Due to this particular warscape, combat zones were not confined to particular areas, but constantly shifting, thereby permeating boundaries between domestic and public spheres, between safe areas and battlefronts.[73] With the PNGDF and the BRA controlling different areas, people could get cornered between fighting parties and risked being killed. As Marilyn Taleo Havini expressed, 'No one has escaped the twists and turns of fighting zones, having families trapped in opposite camps.'[74] On top of that, many people have lost loved ones through the denial of basic services, medicines, and access to help. In addition to grief, traumas resulting from torture and rape are widespread. Bougainville society seems to have had a low level of rape, but 'as in most wars, rape became common in Bougainville during the conflict.'[75] As Garasu explained, 'Women and girls in both areas were at risk of rape by soldiers from all factions.'[76]
  30. Considering the individual and social impact of the crisis, it comes as no surprise that people longed for spiritual guidance and help. Especially in the period between 1990 and 1994, people committed themselves strongly to their various churches.[77] The need for economic, medical and social help was tremendous and people started to look to the church as a source of aid. As stated by Bougainvillean Ruth Saovana-Spriggs, 'the churches played a pivotal role in providing services from their few stored resources, which soon ran out…. Services delivered with love and Christian fellowship became the most important aspect of people's social life.'[78] In addition, in the Catholic communities, belief in Mary provided women with a strong role-model and symbol of hope to fight for peace.
  31. Bougainville women are internationally renowned for their role in bringing peace to Bougainville. Since the beginnings of the crisis, women all over Bougainville contested the violence, both individually and collectively. In the beginning women organised peace activities at village level, while at a later phase peace demonstrations, conferences and meetings were held.[79] Church groups became especially important in connecting women from different areas, different denominations and with different loyalties in the conflict.[80] For example, while some Bougainville women supported the BRA and the independence struggle, others were strongly opposed to the BRA's activities and supported the resistance forces. Organisations such as 'The Bougainville Women for Peace and Freedom' (which was pro-BRA), 'The Bougainville Inter-Church Women's Forum' and the 'Leitana Nehan Women's Development Agency' (founded by members of the Catholic Women's Organization in Buka) were crucial in bringing women with different backgrounds and affiliations together.[81] In August 1996, 700 women from all over Bougainville attended the Bougainville Inter-Church Women's Forum in Arawa, which became a turning point in the conflict.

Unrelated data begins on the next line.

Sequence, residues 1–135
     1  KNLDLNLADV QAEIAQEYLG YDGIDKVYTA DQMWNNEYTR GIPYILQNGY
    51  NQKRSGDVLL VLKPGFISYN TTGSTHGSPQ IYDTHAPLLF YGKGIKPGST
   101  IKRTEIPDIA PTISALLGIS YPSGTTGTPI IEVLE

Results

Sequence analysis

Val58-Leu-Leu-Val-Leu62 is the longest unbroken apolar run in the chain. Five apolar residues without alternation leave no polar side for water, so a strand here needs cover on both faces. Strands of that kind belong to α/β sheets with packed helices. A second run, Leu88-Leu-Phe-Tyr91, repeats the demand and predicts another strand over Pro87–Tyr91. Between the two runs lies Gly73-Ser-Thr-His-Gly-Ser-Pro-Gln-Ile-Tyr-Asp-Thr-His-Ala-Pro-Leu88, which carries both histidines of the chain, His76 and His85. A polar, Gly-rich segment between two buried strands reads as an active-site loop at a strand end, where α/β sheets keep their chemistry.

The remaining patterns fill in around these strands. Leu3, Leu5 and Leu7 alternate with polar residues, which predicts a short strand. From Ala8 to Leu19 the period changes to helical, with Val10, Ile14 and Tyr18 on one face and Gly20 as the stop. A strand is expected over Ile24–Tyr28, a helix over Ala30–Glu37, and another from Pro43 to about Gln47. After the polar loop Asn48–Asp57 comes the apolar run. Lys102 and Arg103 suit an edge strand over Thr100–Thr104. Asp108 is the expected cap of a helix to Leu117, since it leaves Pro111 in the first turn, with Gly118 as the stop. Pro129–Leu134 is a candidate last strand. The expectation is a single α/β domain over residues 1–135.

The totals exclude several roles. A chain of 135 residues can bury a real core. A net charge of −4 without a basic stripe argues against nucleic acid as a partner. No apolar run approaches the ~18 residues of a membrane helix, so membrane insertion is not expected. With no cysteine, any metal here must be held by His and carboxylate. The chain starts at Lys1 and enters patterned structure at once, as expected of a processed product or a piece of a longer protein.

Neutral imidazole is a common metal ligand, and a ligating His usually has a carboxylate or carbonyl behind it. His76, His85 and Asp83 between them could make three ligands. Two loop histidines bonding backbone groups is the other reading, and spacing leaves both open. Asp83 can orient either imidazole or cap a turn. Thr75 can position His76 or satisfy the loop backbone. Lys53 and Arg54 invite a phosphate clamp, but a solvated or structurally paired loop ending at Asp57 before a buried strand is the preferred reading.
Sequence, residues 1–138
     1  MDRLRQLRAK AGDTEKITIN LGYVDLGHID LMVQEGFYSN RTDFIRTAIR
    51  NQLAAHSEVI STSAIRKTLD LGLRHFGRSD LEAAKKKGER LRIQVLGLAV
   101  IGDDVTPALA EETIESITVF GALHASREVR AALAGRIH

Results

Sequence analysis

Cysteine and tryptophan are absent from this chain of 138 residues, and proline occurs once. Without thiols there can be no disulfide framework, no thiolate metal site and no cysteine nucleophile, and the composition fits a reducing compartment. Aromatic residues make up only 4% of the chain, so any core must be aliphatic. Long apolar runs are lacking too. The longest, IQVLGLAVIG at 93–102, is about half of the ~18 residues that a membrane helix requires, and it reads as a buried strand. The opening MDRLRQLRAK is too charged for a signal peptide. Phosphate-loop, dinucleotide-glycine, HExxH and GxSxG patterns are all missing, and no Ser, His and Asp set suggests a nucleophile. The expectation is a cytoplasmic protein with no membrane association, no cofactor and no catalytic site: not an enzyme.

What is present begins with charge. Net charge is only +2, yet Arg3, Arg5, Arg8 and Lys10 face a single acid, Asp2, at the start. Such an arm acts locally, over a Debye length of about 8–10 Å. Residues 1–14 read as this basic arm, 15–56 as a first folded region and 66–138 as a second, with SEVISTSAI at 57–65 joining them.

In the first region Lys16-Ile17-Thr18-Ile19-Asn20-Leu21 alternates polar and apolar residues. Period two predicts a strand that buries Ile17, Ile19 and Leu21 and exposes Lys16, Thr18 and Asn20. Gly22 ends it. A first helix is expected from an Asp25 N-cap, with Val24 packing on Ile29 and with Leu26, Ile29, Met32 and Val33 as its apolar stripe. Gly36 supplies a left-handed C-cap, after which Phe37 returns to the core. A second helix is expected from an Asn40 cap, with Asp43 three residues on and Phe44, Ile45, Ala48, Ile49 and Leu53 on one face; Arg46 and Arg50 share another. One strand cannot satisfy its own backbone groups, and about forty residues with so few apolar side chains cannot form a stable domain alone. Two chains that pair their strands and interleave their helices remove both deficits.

32. For those involved, the peace process could not have succeeded without the help of God. As narrated by Catholic women involved in the peace process, mothers were standing in the front line, in between the fighting men, praying and clasping the rosary in their hands in an attempt to stop the shooting. According to these women's experiences, it was Mary and the rosary that gave them strength to intervene. As told by Anastasia le Pointe from Buka, who was involved in women's protests against the violence from the 1990s onwards:

      Without Mary I would not have been here. She is the mother of Jesus. She cares, loves…. I address her in all my prayers.